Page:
"Here in NL the government used to subsidise offshore wind energy. But the new wind farms no longer need that subsidy for generation"
The difference between direct and indirect subsidies is only in the visibility of how it's paid.
Forcing gridcos to pay stupidly high feedin tarriffs - that's a subsidy
Forcing gridcos to take renewables energy as first choice - even when there's more generation than demand - that's a subsidy too
Forcing gridcos to eat the entire cost of having to overlay the distribution network in order to handle power flows changing direction without much notice - another subsidy
Forcing gridcos to build transmission lines to the generation point - another subsidy (normal producers have to pay for those lines themselves)
When I see renewables operators being paid the same bulk rates as other generators then I'll believe that subsides are mostly gone.
Apart from the above, some of those rules contribute to grid instability. The infamous South Australian statewide blackouts occured due to dropoffs in wind generation happening, but the weather forecasts being for a resumption in 4-6 hours - not enough time for a backup gas power station to repay its startup costs, let alone the hourly ones, before they would have been forced to turn the plant off again - so the power generator declined to fire it up and the state went dark for 6 hours.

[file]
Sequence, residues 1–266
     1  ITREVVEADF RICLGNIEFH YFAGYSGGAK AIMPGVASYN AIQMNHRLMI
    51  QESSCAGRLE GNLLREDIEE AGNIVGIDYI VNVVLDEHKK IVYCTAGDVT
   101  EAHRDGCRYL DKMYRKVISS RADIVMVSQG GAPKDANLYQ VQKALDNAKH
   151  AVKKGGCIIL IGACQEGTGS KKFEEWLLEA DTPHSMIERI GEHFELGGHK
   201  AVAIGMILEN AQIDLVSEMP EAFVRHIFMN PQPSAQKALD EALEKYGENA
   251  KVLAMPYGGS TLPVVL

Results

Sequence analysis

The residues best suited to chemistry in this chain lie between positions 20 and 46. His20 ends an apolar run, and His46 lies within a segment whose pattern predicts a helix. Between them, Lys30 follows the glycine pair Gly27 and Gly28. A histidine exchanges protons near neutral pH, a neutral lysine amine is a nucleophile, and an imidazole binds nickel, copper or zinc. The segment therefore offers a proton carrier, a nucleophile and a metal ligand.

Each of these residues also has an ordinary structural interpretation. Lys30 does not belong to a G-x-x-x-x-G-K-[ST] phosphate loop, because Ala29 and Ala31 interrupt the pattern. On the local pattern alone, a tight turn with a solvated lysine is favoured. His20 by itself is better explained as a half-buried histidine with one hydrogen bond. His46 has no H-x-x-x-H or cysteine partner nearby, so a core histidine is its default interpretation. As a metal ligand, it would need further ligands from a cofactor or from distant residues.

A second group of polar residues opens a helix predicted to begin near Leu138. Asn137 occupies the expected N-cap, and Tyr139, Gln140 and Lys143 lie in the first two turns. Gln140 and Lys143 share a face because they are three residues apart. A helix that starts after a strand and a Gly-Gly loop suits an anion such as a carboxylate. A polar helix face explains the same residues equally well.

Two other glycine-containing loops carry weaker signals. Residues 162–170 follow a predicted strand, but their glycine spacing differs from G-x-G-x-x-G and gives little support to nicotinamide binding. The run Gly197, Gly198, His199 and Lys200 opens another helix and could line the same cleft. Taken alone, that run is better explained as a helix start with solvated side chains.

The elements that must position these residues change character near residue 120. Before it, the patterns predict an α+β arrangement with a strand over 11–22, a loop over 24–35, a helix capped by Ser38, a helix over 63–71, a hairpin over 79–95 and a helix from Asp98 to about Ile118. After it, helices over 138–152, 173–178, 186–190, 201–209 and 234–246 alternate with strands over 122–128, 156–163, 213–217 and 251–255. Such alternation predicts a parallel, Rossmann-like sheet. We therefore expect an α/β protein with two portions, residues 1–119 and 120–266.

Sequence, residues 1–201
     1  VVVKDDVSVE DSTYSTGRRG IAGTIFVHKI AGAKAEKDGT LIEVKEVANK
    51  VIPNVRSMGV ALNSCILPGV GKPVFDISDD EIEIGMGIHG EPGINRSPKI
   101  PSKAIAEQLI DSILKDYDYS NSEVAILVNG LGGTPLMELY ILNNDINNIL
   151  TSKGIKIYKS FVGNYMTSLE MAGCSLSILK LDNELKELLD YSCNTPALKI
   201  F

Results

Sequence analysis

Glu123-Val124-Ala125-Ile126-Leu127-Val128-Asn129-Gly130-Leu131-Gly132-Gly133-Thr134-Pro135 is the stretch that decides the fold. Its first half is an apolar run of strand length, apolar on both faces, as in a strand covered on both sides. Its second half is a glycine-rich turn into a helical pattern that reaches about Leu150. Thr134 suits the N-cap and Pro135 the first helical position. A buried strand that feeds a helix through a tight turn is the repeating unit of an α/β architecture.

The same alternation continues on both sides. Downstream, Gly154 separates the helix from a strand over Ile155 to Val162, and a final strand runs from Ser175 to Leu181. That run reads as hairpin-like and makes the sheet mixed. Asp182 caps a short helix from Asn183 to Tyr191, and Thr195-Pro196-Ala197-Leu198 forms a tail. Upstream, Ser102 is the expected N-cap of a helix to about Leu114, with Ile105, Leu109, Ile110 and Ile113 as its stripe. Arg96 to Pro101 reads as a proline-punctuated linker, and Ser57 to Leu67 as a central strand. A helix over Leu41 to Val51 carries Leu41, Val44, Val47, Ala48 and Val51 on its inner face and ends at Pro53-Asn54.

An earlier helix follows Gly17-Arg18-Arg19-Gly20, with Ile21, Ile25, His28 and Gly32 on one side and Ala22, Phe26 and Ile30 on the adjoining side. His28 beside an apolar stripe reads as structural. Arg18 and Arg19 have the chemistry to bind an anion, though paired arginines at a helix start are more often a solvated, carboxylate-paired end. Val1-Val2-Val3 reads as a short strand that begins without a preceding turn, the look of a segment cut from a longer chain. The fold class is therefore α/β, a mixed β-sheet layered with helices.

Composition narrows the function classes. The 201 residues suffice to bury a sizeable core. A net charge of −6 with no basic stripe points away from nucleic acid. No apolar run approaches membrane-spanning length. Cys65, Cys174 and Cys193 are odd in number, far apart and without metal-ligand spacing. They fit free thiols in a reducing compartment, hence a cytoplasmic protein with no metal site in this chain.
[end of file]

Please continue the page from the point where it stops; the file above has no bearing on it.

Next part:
In order to prevent repeats, SA installed Elon's battery farm, but even that isn't enough for prolonged wind outages, so agreements have been made for backup operators to be paid well enough to justify turning the plants on - but a plant that's only run for a couple of hundred hours a year still requires maintenance and effectively produces power costing dollars per kWh instead of a few cents.
All this means that renewables actually cost about 10 times what "normal" generation does - which is ok for a peak-load generation plant but utter bollocks for your economics if they're supposed to be baseline.
If you think rolling blackouts won't happen here, you're being naive. Yes, renewables can just about replace existing electricity generation, but there's no capacity left to cater to the increases coming from decarbonising transport, heating, etc. Electricity generation only accounts for 25-35% of carbon emissions and generation capacity has to be sized for peak loads, not average ones.